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Saving lives while saving the environment

Aspiring doctor smiling.
Georgia Poole with the clinical training tool.

Nursing, medical, and other healthcare students are all in the business of learning clinical skills to save lives.

But thanks to an innovative project spearheaded by an aspiring doctor from Toowoomba, they could also be saving the environment.

Recent University of Southern Queensland graduate and research assistant Georgia Poole, together with doctors from Toowoomba Hospital and researchers from the Centre for Future Materials’ SIMPLE Hub, has developed a cost-effective and eco-friendly training tool for teaching clinical skills such as intravenous cannulation.

The project was designed to address the need for improved accessibility, affordability and reduced environmental impact of clinical skills training tools.

In an industry where one small mistake can be catastrophic, a high level of practical training beyond textbooks and classrooms is essential.

Ms Poole believed the tool, which resembles a lower arm and includes two 3D-printed bones and a seaweed-based material, would create greater opportunities for students to practice and improve their practical clinical skills, potentially leading to fewer complications associated with cannulation.

“Cannulation is a very common medical procedure, but when it’s performed incorrectly, it has the potential to lead to numerous complications, including pain, infection and drug failure,” Ms Poole said.

“Ultrasound-compatible cannulation training tools are presently available on the market but are quite costly, which limits their accessibility.

“That’s why we wanted to produce something that was not only cost-effective but also reusable and therefore more environmentally friendly than existing training tools.”

The tool is made by pouring a gel into a solid mould, which is set to resemble the flesh portion of an arm. Soft tubing runs through the mould to form simulated veins for cannulation, and a thin silicone layer is laid on top to resemble skin.

“We aimed to make the components as sustainable as possible, which is why we chose agarose, a plant-based compound derived from seaweed, as the main setting agent for the gel,” Ms Poole said.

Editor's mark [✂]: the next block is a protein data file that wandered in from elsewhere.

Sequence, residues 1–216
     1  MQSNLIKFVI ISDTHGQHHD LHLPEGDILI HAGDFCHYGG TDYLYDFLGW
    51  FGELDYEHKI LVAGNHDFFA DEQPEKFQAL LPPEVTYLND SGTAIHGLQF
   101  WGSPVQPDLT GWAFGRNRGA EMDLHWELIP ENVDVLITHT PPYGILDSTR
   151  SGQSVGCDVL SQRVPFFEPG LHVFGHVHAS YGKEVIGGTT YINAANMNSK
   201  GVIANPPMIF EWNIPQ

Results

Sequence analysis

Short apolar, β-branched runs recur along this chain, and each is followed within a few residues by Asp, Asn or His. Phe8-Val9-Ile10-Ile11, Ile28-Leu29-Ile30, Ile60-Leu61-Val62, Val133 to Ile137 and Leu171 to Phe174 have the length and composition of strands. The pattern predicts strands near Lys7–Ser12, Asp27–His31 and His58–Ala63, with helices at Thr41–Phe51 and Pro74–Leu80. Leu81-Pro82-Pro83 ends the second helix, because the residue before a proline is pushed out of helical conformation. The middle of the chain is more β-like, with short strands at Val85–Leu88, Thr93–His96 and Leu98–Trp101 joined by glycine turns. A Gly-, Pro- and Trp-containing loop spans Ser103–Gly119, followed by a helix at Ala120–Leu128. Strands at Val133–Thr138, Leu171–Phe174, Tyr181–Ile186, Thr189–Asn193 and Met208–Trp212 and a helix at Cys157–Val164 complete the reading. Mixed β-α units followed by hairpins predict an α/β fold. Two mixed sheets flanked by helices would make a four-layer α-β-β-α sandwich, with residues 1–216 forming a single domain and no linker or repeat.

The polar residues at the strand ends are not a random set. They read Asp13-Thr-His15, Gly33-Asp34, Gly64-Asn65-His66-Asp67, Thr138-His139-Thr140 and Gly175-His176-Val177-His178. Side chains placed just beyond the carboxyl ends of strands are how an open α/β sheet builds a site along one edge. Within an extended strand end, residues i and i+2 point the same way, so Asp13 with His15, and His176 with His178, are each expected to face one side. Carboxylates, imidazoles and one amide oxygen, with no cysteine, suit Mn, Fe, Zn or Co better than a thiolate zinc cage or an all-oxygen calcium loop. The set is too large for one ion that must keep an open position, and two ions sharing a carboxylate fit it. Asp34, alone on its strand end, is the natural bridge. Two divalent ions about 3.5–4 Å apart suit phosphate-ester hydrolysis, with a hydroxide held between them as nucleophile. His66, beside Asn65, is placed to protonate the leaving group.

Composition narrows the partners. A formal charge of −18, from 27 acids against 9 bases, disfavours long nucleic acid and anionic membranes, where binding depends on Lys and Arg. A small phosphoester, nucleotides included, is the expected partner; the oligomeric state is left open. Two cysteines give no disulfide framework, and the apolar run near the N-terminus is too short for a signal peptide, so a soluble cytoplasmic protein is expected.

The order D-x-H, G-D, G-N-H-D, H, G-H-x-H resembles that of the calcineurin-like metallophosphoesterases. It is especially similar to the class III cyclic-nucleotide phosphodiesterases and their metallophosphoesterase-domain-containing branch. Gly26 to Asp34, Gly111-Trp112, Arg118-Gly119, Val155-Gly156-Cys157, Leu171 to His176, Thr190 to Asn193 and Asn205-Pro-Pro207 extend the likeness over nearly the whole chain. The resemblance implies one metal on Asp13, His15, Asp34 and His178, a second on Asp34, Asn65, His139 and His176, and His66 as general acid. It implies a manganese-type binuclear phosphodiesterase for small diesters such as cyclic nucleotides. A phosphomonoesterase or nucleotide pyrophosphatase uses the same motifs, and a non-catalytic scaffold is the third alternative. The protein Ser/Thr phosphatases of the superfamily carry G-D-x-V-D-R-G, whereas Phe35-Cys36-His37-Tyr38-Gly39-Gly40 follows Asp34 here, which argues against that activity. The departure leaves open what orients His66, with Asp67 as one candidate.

“The solid outer mould is reusable, and the internal gel can be melted in a microwave and re-set multiple times to allow further re-use.

“The only portion of the tool that requires replacement is the inner tubing.”

The project began in mid-2022 as a placement opportunity for Ms Poole while undertaking her Bachelor of Biomedical Sciences. It was carried out under the supervision of the University of Southern Queensland’s biomedical scientist Professor Eliza Whiteside and Makerspace Coordinator Steph Piper, and Toowoomba Hospital’s Dr Doogie Whitcombe and Dr Rose Nicol.

After almost 18 months of designing, refining and testing, Ms Poole said the tool could soon be used as a training tool in universities and become more widely available.

“I’m thrilled with the final training tool that we have produced and thankful to the wonderful team of supervisors and staff who assisted me throughout the project,” she said.

“It was a rewarding experience, which allowed me to deepen my understanding of the processes behind scientific research and the production of new medical tools, as well as to improve my skills.”

The project was undertaken under the UniSQ-led SIMPLE (Sustainable Industry Manufacturing Planning for Long-Term Ecosystems) Hub. The Hub creates a step-change by focusing on capacity-building initiatives to enable industry and universities to co-design and develop new products and processes to support regional manufacturing priorities such as technical, environmental, economic, educational, and cultural aspects of green energy, resource recovery and waste reduction/recycling/upcycling.

It also creates a workforce pipeline to support the sector, training industry-ready researchers who will be the innovators for regional manufacturing industries into the future.

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